Act II.  The Duke is concerned that Gilda has disappeared (Ella mi fu rapita! - "She was stolen from me!" and Parmi veder le lagrime - "I seem to see tears"). The noblemen then enter and inform him that they have captured Rigoletto's mistress. By their description, he recognizes it to be Gilda, and he rushes off to the room where she is held (Possente amor mi chiama - "Mighty love beckons me"). Pleased by the Duke's strange excitement, the courtiers now make sport with Rigoletto, who enters singing. He tries to find Gilda by pretending to be uncaring, as he fears she may fall into the hands of the Duke. Finally, he admits that he is in fact seeking his daughter and asks the courtiers to return her to him (Cortigiani, vil razza dannata - "Accursed race of courtiers"). The men beat up Rigoletto after his attempt to run into the room Gilda is being held in. Gilda rushes in and begs her father to send the people away. The men leave the room believing Rigoletto has gone mad. Gilda describes to her father what has happened to her in the palace (Tutte le feste al tempio - "On all the blessed days"). Rigoletto demands vengeance against the Duke, while Gilda pleads for him (Duet: Sì! Vendetta, tremenda vendetta! - "Yes! Revenge, terrible revenge!").

 

Act III. A portion of Sparafucile's house is seen, with two rooms open to the view of the audience. Rigoletto and Gilda, who still loves the Duke, arrive outside. The Duke's voice can be heard (La donna è mobile- "Woman is fickle") laying out the infidelity and fickle nature of women. Rigoletto makes Gilda realize that it is the Duke who is in the assassin's house and that he is attempting to seduce Sparafucile's sister, Maddalena.(Bella figlia dell'amore - "Sweet daughter of love")

Rigoletto bargains with the assassin, who is ready to murder his guest for money, and offers him 20 scudi for killing the Duke. He orders his daughter to put on a man's clothes in order to prepare to go to Verona and states that he plans to follow later. With falling darkness, a thunderstorm approaches and the Duke determines to remain in the house. Sparafucile assigns to him the ground floor sleeping quarters.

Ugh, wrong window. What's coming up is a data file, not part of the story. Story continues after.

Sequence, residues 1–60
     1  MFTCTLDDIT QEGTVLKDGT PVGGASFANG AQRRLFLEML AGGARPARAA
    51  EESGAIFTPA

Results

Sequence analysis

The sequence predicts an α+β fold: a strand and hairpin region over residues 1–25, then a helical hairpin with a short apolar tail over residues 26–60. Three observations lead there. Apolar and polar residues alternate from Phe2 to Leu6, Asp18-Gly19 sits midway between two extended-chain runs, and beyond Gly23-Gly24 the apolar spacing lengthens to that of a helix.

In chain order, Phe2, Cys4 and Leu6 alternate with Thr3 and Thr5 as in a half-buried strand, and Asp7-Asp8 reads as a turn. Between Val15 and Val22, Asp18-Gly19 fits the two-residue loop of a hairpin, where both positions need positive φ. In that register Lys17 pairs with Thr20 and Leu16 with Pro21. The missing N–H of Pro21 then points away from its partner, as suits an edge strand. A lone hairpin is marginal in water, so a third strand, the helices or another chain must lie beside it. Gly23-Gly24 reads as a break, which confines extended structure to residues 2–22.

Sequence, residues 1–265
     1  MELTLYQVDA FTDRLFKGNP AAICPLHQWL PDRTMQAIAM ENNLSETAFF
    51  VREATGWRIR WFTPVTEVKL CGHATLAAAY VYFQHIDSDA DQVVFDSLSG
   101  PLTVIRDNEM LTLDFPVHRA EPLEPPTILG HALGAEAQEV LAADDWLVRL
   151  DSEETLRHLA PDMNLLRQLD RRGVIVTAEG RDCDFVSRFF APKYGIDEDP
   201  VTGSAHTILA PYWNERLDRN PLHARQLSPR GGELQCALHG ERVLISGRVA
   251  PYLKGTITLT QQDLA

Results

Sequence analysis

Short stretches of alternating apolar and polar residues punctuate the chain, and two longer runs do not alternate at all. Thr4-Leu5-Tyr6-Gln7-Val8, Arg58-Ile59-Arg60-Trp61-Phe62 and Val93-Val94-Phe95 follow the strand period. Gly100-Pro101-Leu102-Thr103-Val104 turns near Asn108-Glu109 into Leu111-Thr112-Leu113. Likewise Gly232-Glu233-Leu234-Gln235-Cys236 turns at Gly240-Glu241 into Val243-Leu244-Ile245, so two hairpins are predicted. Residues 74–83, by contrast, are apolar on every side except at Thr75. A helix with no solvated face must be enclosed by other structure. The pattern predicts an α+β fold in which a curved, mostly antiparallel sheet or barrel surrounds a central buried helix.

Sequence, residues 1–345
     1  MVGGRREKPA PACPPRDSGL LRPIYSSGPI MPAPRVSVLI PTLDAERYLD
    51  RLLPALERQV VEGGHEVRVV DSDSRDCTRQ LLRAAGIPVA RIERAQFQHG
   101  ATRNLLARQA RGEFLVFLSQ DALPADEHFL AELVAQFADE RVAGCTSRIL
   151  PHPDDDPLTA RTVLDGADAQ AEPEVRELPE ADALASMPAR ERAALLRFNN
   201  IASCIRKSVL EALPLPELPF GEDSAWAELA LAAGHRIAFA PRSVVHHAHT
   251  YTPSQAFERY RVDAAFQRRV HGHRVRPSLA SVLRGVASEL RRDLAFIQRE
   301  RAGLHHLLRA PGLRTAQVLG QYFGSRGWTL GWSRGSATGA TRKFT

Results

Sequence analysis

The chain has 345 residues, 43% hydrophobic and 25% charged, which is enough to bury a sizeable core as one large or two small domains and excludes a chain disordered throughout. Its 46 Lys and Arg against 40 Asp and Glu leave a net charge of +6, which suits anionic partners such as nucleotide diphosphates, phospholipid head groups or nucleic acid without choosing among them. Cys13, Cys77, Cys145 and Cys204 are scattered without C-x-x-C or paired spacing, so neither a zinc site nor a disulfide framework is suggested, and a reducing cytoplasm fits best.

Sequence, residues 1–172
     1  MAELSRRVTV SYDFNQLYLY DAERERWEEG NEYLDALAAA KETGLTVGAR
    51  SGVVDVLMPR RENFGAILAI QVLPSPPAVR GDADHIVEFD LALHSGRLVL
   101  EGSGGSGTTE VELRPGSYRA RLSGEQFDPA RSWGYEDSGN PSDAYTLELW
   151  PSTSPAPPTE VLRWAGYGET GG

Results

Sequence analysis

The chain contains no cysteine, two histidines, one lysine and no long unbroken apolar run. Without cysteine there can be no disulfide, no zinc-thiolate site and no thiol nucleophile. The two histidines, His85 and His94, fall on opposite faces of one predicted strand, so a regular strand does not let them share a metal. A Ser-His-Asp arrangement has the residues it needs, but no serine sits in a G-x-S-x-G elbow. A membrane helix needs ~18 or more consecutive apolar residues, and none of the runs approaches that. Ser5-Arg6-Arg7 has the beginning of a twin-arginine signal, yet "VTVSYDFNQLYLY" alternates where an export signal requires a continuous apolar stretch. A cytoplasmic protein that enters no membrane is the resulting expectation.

Gilda, who still loves the Duke despite knowing him to be unfaithful, returns dressed as a man. She overhears Maddalena begging for the Duke's life, and Sparafucile promises her that if by midnight another can be found in place of the Duke, he will spare the Duke's life. Gilda resolves to sacrifice herself for the Duke and enters the house. She is immediately mortally wounded and collapses.

At midnight, when Rigoletto arrives with money, he receives a corpse wrapped in a sack, and rejoices in his triumph. Weighting it with stones, he is about to cast the sack into the river when he hears the voice of the Duke singing a reprise of his "La donna è mobile" aria. Bewildered, Rigoletto opens the sack and, to his despair, discovers his mortally wounded daughter. For a moment, she revives and declares she is glad to die for her beloved (V'ho ingannato - "Father, I deceived you"). She dies in his arms. Rigoletto's wildest fear materializes when he cries out in horror: "The curse!"

Later, the hostile noblemen outside the walled garden (believing Gilda to be the jester's mistress) get ready to abduct the helpless girl. Convincing Rigoletto that they are actually abducting the Countess Ceprano, they blindfold him and use him to help with the abduction. He assists them, and Gilda is carried away by the noblemen. Upon realizing that it was in fact Gilda who was carried away, Rigoletto collapses, remembering the curse.